Hippies, hipsters and bogan beaches

The folk in Byron Bay live on a different astral plane to me. My plane either uses jet fuel or mathematics. Theirs? Not quite sure, which is why I don’t exist there.

The drive from Coffs Harbour to Byron Bay was very pretty with some bucolic scenery along the Clarence and Richmond rivers.

These were also the stretches as yet unbypassed by the motorway and as such, slow and limited by roadworks.

The level of effort in rebuilding the road for fast travel is most impressive, as visible from the new stretches. Yet it is a pity that the same cannot be said of the railway.

Back when I was at university I would head back from trips to see the family in Central Queensland by catching the bus from Brisbane to Murwillumbah across in NSW, then the XPT train to Sydney. I remember passing Byron Bay and the bar at the station was still loudly alive despite it being the middle of the night.

Sadly, the line now only goes as far as Casino and the derelict Byron Bay yard is now the domain of bin chicken ibis.

A little further up there has been a rail revival with a private solar powered rail motor travelling a couple of kilometres between Byron Bay and a resort, but the fact that there is no rail service from the capitals to this town is testament to a lack of country rail vision on the part of NSW. This hippy backpacker town is one that would surely attract train riders.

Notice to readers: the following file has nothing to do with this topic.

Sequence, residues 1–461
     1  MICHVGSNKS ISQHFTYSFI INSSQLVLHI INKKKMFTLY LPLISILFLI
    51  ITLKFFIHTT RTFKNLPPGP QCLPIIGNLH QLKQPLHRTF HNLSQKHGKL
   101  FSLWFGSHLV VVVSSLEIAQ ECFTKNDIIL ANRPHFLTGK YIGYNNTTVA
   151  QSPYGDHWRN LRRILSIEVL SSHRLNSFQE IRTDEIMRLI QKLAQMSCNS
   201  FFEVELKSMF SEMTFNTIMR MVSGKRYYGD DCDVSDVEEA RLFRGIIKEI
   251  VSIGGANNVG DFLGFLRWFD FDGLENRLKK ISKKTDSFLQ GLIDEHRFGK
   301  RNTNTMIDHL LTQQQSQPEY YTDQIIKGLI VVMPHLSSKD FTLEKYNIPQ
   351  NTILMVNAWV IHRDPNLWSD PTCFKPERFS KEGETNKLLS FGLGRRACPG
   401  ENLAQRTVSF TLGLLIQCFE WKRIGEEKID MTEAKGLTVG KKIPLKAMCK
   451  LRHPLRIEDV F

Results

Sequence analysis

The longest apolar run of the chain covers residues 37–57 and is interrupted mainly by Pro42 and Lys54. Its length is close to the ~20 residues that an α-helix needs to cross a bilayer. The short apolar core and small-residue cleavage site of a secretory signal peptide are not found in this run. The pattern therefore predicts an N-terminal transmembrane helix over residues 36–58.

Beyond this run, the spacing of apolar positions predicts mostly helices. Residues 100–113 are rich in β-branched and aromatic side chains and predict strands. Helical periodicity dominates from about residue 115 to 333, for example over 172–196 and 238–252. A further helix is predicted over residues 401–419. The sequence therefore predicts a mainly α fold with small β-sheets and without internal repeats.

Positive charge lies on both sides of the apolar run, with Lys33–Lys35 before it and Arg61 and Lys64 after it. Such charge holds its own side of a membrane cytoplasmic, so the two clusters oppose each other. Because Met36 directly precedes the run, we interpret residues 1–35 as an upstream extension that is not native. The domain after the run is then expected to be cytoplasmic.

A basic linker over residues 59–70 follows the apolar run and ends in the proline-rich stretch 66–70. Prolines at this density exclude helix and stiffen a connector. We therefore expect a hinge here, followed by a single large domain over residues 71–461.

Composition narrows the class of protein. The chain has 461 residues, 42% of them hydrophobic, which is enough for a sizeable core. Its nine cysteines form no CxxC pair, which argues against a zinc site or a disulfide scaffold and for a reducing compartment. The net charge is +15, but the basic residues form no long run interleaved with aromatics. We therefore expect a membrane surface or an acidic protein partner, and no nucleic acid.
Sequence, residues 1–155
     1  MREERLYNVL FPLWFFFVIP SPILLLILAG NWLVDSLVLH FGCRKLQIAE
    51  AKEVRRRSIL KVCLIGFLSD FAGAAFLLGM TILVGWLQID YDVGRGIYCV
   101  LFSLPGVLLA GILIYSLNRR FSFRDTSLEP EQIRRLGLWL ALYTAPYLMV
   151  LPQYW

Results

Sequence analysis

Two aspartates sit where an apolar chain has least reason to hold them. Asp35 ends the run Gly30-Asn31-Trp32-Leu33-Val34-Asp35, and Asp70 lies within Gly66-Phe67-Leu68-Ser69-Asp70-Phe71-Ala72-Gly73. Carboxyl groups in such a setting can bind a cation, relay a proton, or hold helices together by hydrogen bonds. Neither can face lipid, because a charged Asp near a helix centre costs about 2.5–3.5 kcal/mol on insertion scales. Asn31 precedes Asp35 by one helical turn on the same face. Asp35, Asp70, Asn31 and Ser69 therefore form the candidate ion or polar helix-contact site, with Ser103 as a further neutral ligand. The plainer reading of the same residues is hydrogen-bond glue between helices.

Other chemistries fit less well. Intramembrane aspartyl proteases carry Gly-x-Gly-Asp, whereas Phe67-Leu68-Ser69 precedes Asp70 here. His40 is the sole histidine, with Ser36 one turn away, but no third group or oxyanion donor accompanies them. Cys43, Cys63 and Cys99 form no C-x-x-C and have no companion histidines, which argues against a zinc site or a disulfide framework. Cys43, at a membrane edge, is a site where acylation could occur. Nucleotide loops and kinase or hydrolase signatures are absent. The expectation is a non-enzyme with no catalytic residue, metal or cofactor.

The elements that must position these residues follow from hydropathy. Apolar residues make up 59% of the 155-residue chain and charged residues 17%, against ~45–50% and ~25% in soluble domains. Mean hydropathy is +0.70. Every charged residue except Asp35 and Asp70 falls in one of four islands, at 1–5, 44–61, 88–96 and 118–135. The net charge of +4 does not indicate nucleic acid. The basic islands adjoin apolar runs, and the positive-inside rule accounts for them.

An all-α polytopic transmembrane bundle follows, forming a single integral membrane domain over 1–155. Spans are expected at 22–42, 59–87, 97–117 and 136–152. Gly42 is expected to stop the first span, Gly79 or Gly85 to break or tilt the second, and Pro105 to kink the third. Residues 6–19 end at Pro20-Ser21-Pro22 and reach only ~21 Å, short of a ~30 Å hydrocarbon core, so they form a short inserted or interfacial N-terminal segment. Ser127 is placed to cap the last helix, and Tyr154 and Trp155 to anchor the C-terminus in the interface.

The town is crawling with hippies and hipsters, yuppies, and puppies, backpackers and ferals from Australia and beyond. There’s a market by the beach where sarong wearing oldies gyrate to young tattooed folk singers and I feel entirely out of place as we lunch on Persian and Mexican wraps.

We intend to continue onwards to the Cape Byron Lighthouse at the Australian mainland’s most easterly point, but decide it’s too far. Instead we join the beautiful people at the beach.

Watching the pale blue waves crash against the long sandy shore stirs memories. I can imagine walking along here alone on a beach devoid of other visitors.

We are not alone. Just hot.

Heading back to the car we continue our journey to Surfers Paradise, crossing the border into the Queensland.

Our hotel is stylish and modern, far trendier that the motel we left. The Gold Coast is thronging with people. Locals and tourists on hired electric bikes. There is a market along the Esplanade, selling the same old hippy junk as at Byron.

Alex and B have a swim in the crashing ocean while I watch on, nursing my stinging cuts.

When we head out for dinner later the Japanese and Korean restaurants have queues, the Chinese much emptier, but we end up eating western fare while the moon rises above the sea, giving the clouds in front golden outlines.

I’m tired of driving and I look forward to catching the trams that run outside the hotel instead. It’s time to relax.

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